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Adjusting Level & Span Manually

Last week we discussed how to adjust level and span automatically and when that feature is best used. While using AUTO can be very convenient in many situations, you’ll quickly find times when MANUAL adjustment is essential, either to getting the best image or understanding what you are seeing.

Use AUTO adjust to get “in the ballpark. The problem is, when you have a large span of temperatures—cold to hot in the case—there is little detail in any single cup.

How does MANUAL work?

Although it takes a bit of button pushing to get there, using MANUAL adjustment is not difficult and you’ll quickly learn how to do it without thinking. The current mode you are using is displayed in the upper right corner.

Many models of Fluke imagers are have a great feature designating the F1 key, when held down for several seconds, to toggle between AUTO and MANUAL modes. You can also quickly get to MANUAL by pressing the F2 key until the menu choices show MANUAL or AUTO. Either way, just press the F2 key again or until you reach the options for LEVEL or SPAN and then INCREASE or DECREASE.

I find it easiest to adjust SPAN first to what I think will be most useful.

When does MANUAL work best?

• I use the MANUAL feature when I know I’ll need a very narrow span. For example, if I want to trace down the location of heating in an electrical component, I’ll set the SPAN at a minimum and then increase LEVEL until only a small visible area is left in the image.

• If I have a good idea of what the difference temperature should be, say between insulated and uninsulated areas, I can adjust the SPAN to that difference and adjust LEVEL to the temperature of the insulated wall; the uninsulated areas will then show as warmer or colder depending on the direction of heat transfer.

• Whenever I’m looking at a situation where temperatures are changing, such as a steam trap cycling, and I want to determine exactly when they reach a certain level, I can fix both SPAN and LEVEL manually and watch for the object or process to show up.

• If there are extraneous objects in the field of view that will cause the AUTO function to adjust poorly, I can adjust manually exactly as I’d like the image to be.

When I use MANUAL mode, I can adjust SPAN to be quite narrow and LEVEL appropriate to each cup individually. The result is amazing detail in each cup.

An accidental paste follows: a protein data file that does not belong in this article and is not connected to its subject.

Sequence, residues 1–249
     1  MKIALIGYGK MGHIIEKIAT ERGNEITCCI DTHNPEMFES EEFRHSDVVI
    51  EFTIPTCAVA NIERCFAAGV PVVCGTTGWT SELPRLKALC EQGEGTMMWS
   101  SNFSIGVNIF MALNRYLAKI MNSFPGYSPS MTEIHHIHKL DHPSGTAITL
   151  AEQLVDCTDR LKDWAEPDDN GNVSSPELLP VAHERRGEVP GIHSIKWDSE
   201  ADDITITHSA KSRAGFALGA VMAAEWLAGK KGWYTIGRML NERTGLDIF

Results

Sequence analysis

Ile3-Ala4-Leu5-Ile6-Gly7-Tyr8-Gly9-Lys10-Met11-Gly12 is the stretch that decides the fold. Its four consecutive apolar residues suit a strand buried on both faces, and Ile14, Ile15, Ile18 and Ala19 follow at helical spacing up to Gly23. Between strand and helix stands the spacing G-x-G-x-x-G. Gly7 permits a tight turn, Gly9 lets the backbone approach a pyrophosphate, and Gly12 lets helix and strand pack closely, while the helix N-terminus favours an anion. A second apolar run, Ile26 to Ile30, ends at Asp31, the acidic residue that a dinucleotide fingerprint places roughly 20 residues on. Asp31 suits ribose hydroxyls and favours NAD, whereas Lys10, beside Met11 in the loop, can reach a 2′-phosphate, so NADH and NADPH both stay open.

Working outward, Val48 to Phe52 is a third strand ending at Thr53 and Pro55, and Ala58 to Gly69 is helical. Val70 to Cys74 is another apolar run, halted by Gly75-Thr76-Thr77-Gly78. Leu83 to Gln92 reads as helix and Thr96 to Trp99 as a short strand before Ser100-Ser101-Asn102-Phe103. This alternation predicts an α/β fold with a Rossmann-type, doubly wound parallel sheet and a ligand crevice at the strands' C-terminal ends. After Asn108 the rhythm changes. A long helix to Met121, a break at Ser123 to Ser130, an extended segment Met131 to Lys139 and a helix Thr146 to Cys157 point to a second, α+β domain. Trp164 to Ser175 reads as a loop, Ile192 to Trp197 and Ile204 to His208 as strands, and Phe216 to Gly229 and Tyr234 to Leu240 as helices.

What are the limitations of using MANUAL?

Using the MANUAL adjustment mode is not as fast as AUTO. I guarantee you will get tired of pushing buttons on some jobs! There will also be times when you’ve adjusted the image so that you can understand what you are seeing but, overall, the image will not be very good looking or even understandable to a non-thermographer. In such cases two images may well be needed, one adjusted manually showing the exact problem and another adjusted more broadly, either manually or automatically, showing the problem in the overall context.

SPAN and LEVEL adjusted appropriately for this cup.

How can I use MANUAL successfully?

All thermographers must master using MANUAL adjustments or they end up missing a great deal. There is simply no way around it. Practice on the same three cups of water I talked about last week. Interestingly, you will find that the best MANUAL adjustments are often very similar to what you achieved with AUTO when you moved in close and excluded extraneous objects. Remember, if the MANUAL adjustments are not working for you, just switch briefly back to AUTO to see what is going on or drop the image into Smartview and optimize the settings there.

SPAN and LEVEL adjusted appropriately for this cup.

Next week we’ll talk about a really great feature available on many Fluke imagers, 1-time auto adjust.

Thinking Thermally,

John Snell—The Snell Group, a Fluke Thermal Imaging Blog content partner

1 comment to Adjusting Level & Span Manually

  • John Snell

    Please note in each of the 3 images of single cups, I could have narrowed the SPAN setting even more and let the table become saturated. This would have given even more thermal detail in the liquid and the cup itself.

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